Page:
As part of our governance edition, Co-op News sent questions to Trebor Scholz, scholar-activist and associate professor for culture and media at The New York School in New York city about issues surrounding platform co-operatives.
What particular challenges do platform co-operatives face when it comes to governance – for instance with regard to rapidly changing technology or the ownership of data?
Co-operativism is not merely about shared ownership, it is most of all, about democratic governance. But as central as shared governance is to the co-operative model, it is also an important challenge for most types of cooperatives, not solely platform co-ops. At times, people in co-ops find it onerous to agree on even the most basic issues of how to run their organisation.
But also the tyranny of distance presents a problem for governance. Take agricultural co-ops in rural Gujarat (India), for instance. It’s not easy for the women who work on far-flung farmlands to really feel as members of the Self-Employed Women’s Association (SEWA). How can they start to participate in the day-to-day activities of this federation of co-ops? The problem does not disappear when co-ops join the digital economy.
In a democracy, we should all have the opportunity to participate in the shaping of the structures on which we depend most. But one of the pathologies of platform capitalism is that it trains people to be followers; it primes them to think of themselves as workers instead of collective owners. It’s hard to change mindsets overnight.
How do platform co-ops motivate members to act more like owners?
The producer platform co-op Stocksy runs workshops for its members on the backend of their online stock photography platform, encouraging them to participate in the governance of the co-op.
Online tools like Loomio, LiquidFeedback, and DemocracyOS help dispersed groups to have sustained discussions, shed light on the opinion of the overall group, and then make meaningful decisions. These tools address some but not all of the challenges posed by the dispersed nature of workers in the gig economy and the various existing forms of co-operatives.
More directly in response to your question, I think that the technology matters a great deal but technology alone does solve any social problem. I consider the organisational form of the platform co-operative and its governance model as a crucial intervention in the extractive gig economy where “capital is the corporation, the insider, and labor is the outsider hired to do work.” as Marjorie Kelly puts it in Owning Our Future: The Emerging Ownership Revolution (139). In a platform co-op, other members are co-owners, not your masters.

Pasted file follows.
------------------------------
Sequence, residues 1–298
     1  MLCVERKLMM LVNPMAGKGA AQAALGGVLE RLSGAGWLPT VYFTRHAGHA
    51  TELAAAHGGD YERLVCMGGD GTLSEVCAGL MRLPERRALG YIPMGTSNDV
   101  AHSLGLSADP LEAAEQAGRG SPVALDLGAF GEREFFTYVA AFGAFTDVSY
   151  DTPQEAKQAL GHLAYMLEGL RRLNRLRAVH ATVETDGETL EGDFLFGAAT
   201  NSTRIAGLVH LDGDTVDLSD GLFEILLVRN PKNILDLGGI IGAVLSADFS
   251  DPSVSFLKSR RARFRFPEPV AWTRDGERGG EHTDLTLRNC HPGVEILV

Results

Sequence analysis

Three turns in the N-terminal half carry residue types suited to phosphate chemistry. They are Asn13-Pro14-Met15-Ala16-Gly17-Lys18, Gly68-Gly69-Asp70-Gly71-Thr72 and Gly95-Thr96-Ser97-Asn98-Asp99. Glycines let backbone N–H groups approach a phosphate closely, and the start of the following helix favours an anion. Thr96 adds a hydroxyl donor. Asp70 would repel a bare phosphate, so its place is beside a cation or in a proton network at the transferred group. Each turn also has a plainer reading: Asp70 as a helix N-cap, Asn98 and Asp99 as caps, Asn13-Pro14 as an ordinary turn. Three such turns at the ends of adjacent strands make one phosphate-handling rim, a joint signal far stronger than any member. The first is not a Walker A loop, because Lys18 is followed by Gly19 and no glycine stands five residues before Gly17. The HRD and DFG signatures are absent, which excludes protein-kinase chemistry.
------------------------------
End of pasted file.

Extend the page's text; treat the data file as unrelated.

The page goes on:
The platform co-op model puts producers in the driver’s seat when it comes to their own platform; they can decide how data ownership, algorithmic transparency, and hosting are handled. They can decide whether they are sharing their code base as open source, or not. Distributed ledgers alone cannot substitute for democratic decision-making; it is still people who write the algorithm. In the data co-op Rchain.coop, members of the co-operative jointly decide about the algorithm.
And what advantages do platform co-ops have over conventional ones when it comes to ease of governance?
Let’s start by comparing platform co-ops to “businesses-as-usual companies,” as the sociologist Juliet Schor calls them. With an extractive platform, the focus is inherently limited. You can’t facilitate collective data ownership or algorithmic transparency. It’s not about genuine shared governance in the first place. A co-operative structure, however, facilitates collective and democratic decision making. Platform co-ops like Rchain, Loconomics, and MIDATA.coop challenge this headon, by sharing their code base on GitHub and by allowing members to directly govern their own platforms.
More to your question, online labour brokerages and apps allow not only for economic activity, they also bring about labour power; they organise workers. Connecting geographically dispersed workers who do not have a chance to meet in the cafeteria or office, is a political act, too. Imagine a platform co-op for thousands of individual child care professionals, for instance. The platform model would allow these freelancers to make their cash flow more predictable, allow for coordinated group purchases, and administrative help. It would allow for skill-building through educational offerings and facilitate the connection with parents.
What lessons can platform co-ops learn from the wider co-op movement – from its governance failures as well as its successes? And can the platform co-op experience offer any useful lessons to the wider co-op movement in return?
Failure should be welcomed, embraced, and expected. At this point, some platform co-ops still fall short of genuine democratic governance, there is no question about that, but I also notice concerted efforts to change that. Co-ops could embrace tools like Loomio and experiment with governance models like Holacracy, parts of which inspired many platform co-ops. A governance code of practice would be another useful step forward.